How many birds do you see in this photo?
Water birds along an irrigation canal, Midland Road, Blythe California
When Reggie and I roll into town we pass a number of irrigation canals.
Today I spot several Great Egrets and immediately step on the brakes, parking the Perfect Tow Vehicle in the lane. I’ve learned that in order to grab bird pics, the brief time and movement it takes to park the PTV on the shoulder often will scatter the birds.
Midland Road is straight for a long distance and I see no vehicles coming in either direction.
I bring my window down and pick up my camera.
This scene is much farther away than the photo suggests.
The 60X zoom on my Panasonic Lumix brings the birds closer. These pics are blurry but the birds are clear enough to identify and to enjoy.
How many birds do you see in this photo?
Egrets are fun to photograph because they hold a pose!
The bird in the middle is actually two birds! Look again closely if you saw only three birds. There are four.
And the photo at the top of this post has five birds in it.
~ ~ ~
Regular readers may be wondering . . .
Where we go for walks
How long are RVSue and Reggie going to stay at this camp?
Isn’t it high time they got a move on?
Yes, the time to move is drawing near.
Roaming from camp to camp around the warm spots of southern Arizona and southeastern California as I have done in previous years is no longer an option for us.
(Those places expose us to gawkers. Midland LTVA is the only warm-in-the-winter place I want to camp in where our privacy is not invaded.)
A river of sand
I have to calculate carefully when to leave this warm spot to begin the year’s explorations.
Things to consider . . .
I don’t want to move too soon and drive into unpleasant weather or even a spring snowstorm.
Possible boondocks and inexpensive campgrounds may be too high in elevation for early spring.
Other considerations are road closings for repairs or due to wash-outs. Dirt roads and boondocks during spring can be muddy.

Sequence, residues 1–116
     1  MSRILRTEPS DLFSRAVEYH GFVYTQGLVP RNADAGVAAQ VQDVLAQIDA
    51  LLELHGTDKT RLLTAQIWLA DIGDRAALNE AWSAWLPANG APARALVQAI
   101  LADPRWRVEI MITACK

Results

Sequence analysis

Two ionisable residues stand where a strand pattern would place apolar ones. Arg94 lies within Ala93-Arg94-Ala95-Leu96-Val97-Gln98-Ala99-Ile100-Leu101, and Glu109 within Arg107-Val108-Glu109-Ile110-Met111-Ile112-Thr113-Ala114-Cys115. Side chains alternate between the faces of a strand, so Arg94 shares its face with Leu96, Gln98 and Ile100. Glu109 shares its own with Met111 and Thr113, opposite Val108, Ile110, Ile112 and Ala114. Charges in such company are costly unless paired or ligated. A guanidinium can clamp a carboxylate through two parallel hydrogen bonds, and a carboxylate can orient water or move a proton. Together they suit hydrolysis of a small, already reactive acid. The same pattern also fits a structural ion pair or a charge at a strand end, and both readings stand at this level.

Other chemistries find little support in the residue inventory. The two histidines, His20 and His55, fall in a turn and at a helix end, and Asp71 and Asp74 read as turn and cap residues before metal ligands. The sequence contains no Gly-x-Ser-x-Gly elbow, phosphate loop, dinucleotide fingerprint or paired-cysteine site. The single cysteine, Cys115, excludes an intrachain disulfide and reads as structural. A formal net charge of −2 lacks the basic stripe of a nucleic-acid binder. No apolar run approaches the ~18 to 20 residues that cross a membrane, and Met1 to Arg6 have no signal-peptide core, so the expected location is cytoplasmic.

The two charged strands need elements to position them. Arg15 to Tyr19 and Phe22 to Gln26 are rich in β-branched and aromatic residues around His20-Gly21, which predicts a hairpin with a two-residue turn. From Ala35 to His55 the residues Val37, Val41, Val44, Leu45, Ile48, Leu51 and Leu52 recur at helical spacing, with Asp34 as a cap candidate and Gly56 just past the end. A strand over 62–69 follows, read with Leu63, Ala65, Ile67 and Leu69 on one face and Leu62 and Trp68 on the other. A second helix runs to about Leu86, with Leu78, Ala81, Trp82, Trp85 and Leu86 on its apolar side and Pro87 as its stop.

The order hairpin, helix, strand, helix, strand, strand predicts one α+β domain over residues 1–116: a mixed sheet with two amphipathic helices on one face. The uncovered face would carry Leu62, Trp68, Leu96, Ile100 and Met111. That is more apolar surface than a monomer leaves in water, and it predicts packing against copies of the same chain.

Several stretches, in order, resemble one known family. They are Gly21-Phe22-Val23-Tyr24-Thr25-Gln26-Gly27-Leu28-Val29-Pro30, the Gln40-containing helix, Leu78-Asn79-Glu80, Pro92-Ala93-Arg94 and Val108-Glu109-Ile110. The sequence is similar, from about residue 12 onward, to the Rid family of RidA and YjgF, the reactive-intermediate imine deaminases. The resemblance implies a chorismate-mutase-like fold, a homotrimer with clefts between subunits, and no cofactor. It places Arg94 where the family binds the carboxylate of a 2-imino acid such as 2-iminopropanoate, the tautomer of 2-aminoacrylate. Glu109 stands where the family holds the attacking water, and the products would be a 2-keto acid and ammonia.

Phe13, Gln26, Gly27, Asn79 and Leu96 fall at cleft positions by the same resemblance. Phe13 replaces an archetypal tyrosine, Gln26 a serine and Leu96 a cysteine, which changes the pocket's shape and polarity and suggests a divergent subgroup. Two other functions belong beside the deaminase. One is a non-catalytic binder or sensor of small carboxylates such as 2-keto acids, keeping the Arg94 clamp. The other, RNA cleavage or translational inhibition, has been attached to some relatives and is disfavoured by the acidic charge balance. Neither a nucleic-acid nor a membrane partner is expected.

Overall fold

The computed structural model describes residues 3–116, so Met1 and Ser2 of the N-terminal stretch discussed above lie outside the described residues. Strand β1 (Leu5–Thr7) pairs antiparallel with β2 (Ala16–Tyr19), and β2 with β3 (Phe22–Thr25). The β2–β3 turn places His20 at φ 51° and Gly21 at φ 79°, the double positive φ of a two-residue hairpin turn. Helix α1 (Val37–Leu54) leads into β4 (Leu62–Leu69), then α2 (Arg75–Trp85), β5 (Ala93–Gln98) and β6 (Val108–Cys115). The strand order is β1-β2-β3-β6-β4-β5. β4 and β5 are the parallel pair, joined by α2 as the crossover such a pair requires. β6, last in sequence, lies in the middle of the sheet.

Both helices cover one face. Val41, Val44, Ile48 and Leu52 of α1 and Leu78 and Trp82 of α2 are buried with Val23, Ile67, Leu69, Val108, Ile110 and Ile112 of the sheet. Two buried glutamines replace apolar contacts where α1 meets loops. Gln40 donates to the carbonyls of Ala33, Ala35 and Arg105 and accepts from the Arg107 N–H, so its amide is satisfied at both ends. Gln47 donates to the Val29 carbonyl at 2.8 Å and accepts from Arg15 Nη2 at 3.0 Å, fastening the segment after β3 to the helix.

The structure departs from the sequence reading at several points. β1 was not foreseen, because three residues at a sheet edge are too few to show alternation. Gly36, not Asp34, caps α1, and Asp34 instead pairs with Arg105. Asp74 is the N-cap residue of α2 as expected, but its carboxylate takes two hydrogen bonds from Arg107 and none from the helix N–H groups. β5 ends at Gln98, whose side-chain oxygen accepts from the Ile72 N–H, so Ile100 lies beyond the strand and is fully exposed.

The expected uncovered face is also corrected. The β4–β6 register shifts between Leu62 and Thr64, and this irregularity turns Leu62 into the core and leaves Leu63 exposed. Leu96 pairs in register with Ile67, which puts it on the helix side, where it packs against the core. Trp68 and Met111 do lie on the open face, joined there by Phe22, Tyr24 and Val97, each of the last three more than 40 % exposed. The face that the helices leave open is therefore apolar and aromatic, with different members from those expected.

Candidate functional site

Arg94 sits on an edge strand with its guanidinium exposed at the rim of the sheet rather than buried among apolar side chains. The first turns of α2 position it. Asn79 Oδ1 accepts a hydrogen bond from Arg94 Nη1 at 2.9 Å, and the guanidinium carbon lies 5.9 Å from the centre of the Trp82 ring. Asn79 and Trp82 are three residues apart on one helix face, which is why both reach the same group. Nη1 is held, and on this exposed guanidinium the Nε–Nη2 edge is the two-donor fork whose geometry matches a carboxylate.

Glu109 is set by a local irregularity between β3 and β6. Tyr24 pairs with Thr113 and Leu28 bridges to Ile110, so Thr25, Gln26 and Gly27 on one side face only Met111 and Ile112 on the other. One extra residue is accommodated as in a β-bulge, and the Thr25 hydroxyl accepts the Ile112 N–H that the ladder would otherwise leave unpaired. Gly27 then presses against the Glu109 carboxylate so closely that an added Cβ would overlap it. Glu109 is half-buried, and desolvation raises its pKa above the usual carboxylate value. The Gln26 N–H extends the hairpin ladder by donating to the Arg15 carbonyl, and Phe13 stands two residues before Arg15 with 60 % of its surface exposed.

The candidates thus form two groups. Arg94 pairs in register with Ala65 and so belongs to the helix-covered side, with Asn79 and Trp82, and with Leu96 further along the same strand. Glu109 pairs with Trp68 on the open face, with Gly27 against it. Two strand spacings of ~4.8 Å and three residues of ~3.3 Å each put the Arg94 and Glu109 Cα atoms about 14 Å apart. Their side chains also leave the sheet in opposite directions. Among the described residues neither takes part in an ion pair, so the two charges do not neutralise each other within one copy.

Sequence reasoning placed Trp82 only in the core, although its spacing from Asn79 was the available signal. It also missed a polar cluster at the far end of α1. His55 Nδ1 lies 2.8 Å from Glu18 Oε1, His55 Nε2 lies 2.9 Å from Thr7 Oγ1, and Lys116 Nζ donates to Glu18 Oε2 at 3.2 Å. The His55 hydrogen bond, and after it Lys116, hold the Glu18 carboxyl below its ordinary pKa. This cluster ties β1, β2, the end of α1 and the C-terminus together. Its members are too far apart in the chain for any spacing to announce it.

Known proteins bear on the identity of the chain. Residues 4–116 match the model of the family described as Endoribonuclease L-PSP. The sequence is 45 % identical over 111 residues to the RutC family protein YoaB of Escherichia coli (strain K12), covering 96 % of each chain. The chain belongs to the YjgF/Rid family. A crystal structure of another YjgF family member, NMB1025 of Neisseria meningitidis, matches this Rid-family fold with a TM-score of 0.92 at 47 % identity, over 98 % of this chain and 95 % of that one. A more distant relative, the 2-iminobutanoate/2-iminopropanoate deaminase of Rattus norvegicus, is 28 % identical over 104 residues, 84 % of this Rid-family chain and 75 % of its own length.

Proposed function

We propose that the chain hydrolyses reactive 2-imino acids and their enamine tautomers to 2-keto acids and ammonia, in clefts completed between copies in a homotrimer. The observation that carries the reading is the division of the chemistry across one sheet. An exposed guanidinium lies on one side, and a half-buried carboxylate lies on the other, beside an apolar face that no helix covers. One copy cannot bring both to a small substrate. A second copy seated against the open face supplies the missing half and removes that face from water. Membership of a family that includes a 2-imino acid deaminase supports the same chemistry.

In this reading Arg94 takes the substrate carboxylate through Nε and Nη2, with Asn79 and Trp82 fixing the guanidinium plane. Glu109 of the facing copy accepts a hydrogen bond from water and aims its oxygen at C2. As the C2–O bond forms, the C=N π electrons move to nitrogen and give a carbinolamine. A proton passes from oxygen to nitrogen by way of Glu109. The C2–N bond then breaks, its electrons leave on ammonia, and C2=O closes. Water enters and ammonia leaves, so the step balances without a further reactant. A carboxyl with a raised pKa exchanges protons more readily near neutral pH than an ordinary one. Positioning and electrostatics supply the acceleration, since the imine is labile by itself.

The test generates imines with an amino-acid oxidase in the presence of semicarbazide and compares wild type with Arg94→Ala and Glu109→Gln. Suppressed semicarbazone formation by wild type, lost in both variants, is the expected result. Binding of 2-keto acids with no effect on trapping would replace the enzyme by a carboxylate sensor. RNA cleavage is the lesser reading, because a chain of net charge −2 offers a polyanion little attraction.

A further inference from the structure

“Oh my, Reggie! You’re wearing a lily corsage on your back!”
For example, let’s take Mojave National Preserve.
Located northwest of us in the same Mojave Desert in which we are presently camped, some of the roads in the Preserve are closed during certain days in March. (See Alerts at nps.gov. for specifics.) Also internet signal isn’t reliable throughout the Preserve.
This information tells me one needs to have current information and be extra careful if attempting to boondock in the Preserve in early spring.
I also note that Hole-In-The-Wall Campground in the Preserve is 4,400 feet above sea level while Midland LTVA is 540 feet.
Okay, so what does this all mean?
In short, it means that Reggie and I probably will move sometime in March — cautiously.
I give the example above for those who might wonder why we aren’t out finding fabulous boondocks, roaming all over the place, instead of staying here at Midland LTVA.
Besides, I have to wait for the desert lilies to be in full bloom!
More buds yet to open on the desert lilies!
As excited as I am about another year of travel, it’s hard to leave when the desert around us is bring forth a display of various flowers.
Reggie and I go on flower hunting expeditions in the area beyond the boundary of the LTVA, out where vehicles don’t go. It’s fun! Better than an Easter egg hunt!
Reggie hops over a flower
While out walking the other day it struck me that if it weren’t for the long delay waiting for our new refrigerator, we might have missed seeing the desert lilies!
In an upcoming post I’ll show you the other flowers we find.
Tomorrow, March 6th, will be out 80th day at Midland LTVA!
As I mentioned somewhere previously, I bought a season permit for $180. That works out to $2.50 a day and growing smaller with every additional day.
There’s nothing I’d rather being doing than walking among the lilies with my precious pal.
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